Yet these sums shrink into insignificance compared with the money that hedge fund managers make. Raymond Dalio, for example, was paid an astronomical US$3bn. in 2011, but paid just 15 per cent in taxes because the money was considered capital gains, as opposed to the average citizen, who would be required to pay 25 per cent (in income tax). The cost to the taxpayer of this instance in 2011 was US$450m.

Inequality is largely a function of the 'free market'. As long as the outcomes are sanctioned by the market, there is thought to be no limit to the share that some are entitled to take at the expense of others. Growing inequality has, therefore, a momentum all of its own; we find that even in hard times the rich and powerful continue to make gains while the rest languish. It operates on a ratchet, impossible to turn back, constantly clicking forward.

Wealth of course entrenches and grows itself. The best chance of being seriously wealthy is to be born into a seriously wealthy family. Even in the supposed land of opportunity—indeed, especially in the USA—social mobility has largely ground to a halt. Well-off families now spend eleven times more than the working-class on children's 'enrichment activities', which are so important for psychological well-being and character building. It is not just educational advantage, in other words, that can be bought; life chances of all kinds, including social exclusivity, are scooped by the well-off.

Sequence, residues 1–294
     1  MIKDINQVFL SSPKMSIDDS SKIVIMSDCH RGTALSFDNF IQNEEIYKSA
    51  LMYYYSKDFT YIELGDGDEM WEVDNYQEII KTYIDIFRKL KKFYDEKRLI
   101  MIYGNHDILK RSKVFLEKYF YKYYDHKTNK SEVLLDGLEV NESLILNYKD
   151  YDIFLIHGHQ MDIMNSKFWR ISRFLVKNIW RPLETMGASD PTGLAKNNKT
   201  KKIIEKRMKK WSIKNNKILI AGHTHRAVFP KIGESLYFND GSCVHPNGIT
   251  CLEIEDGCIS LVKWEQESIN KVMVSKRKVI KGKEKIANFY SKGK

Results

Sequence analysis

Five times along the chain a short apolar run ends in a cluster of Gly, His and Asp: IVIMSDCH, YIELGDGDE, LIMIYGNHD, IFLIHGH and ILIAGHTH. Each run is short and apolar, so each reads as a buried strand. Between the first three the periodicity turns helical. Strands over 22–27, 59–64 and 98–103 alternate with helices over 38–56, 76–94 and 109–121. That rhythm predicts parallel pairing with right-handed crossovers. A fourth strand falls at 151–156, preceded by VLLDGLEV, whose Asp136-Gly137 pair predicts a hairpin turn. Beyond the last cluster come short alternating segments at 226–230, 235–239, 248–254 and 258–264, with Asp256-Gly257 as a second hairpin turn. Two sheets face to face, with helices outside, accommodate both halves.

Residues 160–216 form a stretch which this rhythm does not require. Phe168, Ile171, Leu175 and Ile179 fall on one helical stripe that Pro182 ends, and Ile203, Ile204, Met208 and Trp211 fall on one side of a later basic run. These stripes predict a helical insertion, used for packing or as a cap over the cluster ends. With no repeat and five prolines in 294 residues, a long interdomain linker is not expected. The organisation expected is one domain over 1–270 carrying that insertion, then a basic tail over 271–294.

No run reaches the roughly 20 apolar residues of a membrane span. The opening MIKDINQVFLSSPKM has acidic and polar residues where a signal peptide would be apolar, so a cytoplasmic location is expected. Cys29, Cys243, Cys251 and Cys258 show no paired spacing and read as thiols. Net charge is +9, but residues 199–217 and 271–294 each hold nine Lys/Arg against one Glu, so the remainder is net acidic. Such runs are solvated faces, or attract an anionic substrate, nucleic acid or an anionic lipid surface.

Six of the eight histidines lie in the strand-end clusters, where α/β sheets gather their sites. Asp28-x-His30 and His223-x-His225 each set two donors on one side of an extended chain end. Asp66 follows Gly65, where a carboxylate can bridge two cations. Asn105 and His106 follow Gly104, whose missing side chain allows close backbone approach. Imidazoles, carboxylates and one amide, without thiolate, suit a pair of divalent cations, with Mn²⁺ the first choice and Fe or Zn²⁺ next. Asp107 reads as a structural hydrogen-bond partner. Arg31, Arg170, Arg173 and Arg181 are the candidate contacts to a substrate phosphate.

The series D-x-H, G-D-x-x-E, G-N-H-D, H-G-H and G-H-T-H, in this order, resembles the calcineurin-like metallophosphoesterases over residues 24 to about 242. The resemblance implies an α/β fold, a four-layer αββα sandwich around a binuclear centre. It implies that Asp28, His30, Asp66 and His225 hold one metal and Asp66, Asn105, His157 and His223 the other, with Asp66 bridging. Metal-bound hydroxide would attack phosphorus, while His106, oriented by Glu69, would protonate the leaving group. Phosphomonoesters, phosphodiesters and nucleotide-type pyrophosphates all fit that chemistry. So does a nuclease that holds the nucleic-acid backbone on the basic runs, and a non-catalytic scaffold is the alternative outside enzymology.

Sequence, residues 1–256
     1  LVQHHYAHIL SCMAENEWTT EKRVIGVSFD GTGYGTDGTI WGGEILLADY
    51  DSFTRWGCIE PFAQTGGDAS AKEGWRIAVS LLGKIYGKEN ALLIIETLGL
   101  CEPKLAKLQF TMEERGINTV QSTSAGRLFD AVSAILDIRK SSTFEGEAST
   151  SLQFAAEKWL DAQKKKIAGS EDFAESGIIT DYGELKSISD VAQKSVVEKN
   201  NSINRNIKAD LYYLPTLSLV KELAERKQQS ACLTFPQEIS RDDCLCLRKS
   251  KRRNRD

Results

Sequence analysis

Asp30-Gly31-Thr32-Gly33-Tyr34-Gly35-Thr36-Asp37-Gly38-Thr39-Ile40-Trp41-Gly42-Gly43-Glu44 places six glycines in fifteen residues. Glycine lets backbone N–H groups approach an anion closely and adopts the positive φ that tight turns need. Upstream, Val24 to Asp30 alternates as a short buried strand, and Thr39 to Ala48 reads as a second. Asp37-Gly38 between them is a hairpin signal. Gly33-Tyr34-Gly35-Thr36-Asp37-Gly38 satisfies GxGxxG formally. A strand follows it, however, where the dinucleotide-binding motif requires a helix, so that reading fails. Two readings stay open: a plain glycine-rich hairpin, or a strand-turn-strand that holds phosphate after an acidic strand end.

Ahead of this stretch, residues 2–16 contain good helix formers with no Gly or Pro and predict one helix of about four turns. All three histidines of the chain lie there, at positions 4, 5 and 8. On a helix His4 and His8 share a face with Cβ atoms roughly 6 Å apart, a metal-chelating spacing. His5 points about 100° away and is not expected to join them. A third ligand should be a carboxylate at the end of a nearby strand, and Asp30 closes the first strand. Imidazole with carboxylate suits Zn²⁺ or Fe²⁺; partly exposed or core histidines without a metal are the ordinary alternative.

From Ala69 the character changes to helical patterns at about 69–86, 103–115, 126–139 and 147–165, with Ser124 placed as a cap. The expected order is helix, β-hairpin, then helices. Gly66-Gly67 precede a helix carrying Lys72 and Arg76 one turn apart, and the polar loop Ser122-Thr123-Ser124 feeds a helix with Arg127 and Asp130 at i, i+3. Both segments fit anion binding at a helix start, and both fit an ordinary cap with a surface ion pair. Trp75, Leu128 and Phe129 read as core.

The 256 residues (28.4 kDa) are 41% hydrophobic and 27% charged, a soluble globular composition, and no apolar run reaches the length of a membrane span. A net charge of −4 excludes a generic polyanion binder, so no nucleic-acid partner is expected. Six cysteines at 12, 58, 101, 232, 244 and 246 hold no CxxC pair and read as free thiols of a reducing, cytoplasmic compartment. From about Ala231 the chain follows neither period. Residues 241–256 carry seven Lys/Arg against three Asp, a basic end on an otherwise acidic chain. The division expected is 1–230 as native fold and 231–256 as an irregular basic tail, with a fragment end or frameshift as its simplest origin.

As society becomes more unequal, the growing inequality intensifies and feeds upon itself. On the part of the wealthy there is less understanding of the plight of the poor and disadvantaged, and there is less willingness to accommodate their interests and meet their needs. If a necessary part of the justification for the inequality is that the wealthy deserve their advantage because it is a proper reward for superior virtue, then it must follow that the poor are undeserving. The myth of the 'feckless' poor is sedulously fostered and believed.

The free market in its current extreme form has had the effect of weakening social cohesion and in particular the family. Paradoxically, the family is often held up by the proponents of 'free-market' reforms as the epitome of what is valuable in society. Yet the rate of family breakdown has grown sharply in those countries where free markets are most firmly entrenched.

This in turn has led to the growth of an underclass with predictably antisocial attitudes. Incredibly, its emergence is seen by the rich as a consequence of welfarism rather than an inevitable reflection of widening poverty and social dislocation. They demand tougher penalties for crime and more jails are built—5m. Americans are in prison at any one time. The peccadilloes of the wealthy are excused, even celebrated, while the frailties of the poor are condemned.